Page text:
Background: Autism spectrum disorder (ASD) is a complex developmental condition typically characterized by deficits in social and communicative behaviors as well as repetitive patterns of behaviors. Despite its prevalence (affecting 0.1% to 1.8% of the global population), the pathogenesis of ASD remains incompletely understood. Patients with ASD are reported to have more frequent gastrointestinal (GI) complaints. There is some anecdotal evidence that probiotics are able to alleviate GI symptoms as well as improve behavioral issues in children with ASD. However, systematic reviews of the effect of prebiotics/probiotics on ASD and its associated symptoms are lacking. Methods: Using the keywords (prebiotics OR probiotics OR microbiota OR gut) AND (autism OR social OR ASD), a systematic literature search was conducted on PubMed, EMBASE, Medline, Clinicaltrials.gov and Google Scholar databases. The inclusion criteria were original clinical trials, published in English between the period 1st January 1988 and 1st February 2019. Results: A total of eight clinical trials were systematically reviewed. Two clinical trials examined the use of prebiotic and/or diet exclusion while six involved the use of probiotic supplementation in children with ASD. Most of these were prospective, open-label studies. Prebiotics only improved certain GI symptoms; however, when combined with an exclusion diet (gluten and casein free) showed a significant reduction in anti-sociability scores. As for probiotics, there is limited evidence to support the role of probiotics in alleviating the GI or behavioral symptoms in children with ASD. The two available double-blind, randomized, placebo-controlled trials found no significant difference in GI symptoms and behavior. Conclusion: Despite promising preclinical findings, prebiotics and probiotics have demonstrated an overall limited efficacy in the management of GI or behavioral symptoms in children with ASD. In addition, there was no standardized probiotics regimen, with multiple different strains and concentrations of probiotics, and variable duration of treatments. Full article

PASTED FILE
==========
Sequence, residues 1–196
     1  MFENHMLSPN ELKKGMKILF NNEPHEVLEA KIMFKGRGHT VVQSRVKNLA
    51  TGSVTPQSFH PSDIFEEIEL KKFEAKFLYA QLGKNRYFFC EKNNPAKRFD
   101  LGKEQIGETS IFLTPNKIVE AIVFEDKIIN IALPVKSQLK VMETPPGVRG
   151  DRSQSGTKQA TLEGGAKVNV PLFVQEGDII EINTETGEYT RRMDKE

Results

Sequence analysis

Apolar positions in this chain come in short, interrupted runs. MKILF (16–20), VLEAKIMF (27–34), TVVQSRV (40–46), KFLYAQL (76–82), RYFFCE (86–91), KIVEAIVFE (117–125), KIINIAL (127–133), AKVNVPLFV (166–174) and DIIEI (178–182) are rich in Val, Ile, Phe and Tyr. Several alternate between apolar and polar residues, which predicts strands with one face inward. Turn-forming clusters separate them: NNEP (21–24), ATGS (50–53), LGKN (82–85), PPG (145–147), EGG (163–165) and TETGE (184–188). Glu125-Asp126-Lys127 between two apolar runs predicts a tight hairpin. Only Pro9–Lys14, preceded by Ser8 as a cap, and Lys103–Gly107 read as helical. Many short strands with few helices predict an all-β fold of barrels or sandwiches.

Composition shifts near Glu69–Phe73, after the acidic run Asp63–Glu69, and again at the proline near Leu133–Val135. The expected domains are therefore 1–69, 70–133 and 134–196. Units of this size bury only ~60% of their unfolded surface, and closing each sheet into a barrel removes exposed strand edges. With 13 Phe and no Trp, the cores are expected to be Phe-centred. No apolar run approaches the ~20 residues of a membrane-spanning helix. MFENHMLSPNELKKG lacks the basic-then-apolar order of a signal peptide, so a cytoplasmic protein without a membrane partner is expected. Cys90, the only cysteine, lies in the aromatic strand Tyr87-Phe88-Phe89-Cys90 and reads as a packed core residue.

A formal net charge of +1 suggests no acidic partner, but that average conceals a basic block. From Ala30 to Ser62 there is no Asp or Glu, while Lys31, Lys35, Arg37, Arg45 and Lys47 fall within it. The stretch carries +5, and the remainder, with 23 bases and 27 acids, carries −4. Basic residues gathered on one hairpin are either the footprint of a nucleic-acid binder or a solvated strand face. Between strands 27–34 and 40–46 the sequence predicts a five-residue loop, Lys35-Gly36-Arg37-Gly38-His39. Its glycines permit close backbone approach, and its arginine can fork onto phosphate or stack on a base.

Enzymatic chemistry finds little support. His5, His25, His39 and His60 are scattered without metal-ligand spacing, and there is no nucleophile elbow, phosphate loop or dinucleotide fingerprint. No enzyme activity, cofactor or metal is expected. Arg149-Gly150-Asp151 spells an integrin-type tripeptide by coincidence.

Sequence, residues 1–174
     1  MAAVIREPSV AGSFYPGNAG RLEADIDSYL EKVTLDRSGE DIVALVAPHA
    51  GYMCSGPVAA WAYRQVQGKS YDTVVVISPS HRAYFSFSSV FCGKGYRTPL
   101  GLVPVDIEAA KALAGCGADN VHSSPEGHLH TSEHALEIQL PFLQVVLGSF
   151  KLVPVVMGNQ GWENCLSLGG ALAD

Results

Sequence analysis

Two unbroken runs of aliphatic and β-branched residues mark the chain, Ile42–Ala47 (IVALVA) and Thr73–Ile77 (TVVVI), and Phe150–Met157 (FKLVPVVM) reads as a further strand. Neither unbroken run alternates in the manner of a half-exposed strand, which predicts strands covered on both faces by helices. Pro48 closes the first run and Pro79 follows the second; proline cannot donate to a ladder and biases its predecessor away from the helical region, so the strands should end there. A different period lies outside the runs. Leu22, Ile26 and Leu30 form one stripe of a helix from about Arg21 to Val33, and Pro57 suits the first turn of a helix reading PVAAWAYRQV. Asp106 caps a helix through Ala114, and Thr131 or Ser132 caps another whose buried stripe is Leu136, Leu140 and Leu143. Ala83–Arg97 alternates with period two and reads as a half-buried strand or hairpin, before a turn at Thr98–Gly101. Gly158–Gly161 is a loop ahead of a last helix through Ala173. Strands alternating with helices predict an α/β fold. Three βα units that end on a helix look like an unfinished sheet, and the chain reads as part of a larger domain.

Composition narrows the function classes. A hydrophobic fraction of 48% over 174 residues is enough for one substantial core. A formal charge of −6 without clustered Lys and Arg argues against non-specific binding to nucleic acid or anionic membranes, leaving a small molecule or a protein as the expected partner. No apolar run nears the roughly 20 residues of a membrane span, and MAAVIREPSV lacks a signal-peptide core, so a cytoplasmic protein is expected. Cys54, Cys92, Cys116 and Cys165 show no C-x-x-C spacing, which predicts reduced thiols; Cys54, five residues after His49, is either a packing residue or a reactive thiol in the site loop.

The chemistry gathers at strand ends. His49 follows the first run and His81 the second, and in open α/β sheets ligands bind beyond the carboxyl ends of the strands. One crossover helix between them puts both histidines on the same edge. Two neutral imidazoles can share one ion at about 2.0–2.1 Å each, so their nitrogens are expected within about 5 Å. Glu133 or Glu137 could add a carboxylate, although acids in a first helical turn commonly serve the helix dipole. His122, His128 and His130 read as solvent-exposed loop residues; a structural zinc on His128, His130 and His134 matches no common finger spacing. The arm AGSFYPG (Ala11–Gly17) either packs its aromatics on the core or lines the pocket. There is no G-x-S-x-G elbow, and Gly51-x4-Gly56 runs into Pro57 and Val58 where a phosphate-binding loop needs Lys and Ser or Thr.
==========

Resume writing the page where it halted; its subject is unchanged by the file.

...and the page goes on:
(This article belongs to the Special Issue Complementary and Integrative Medicine)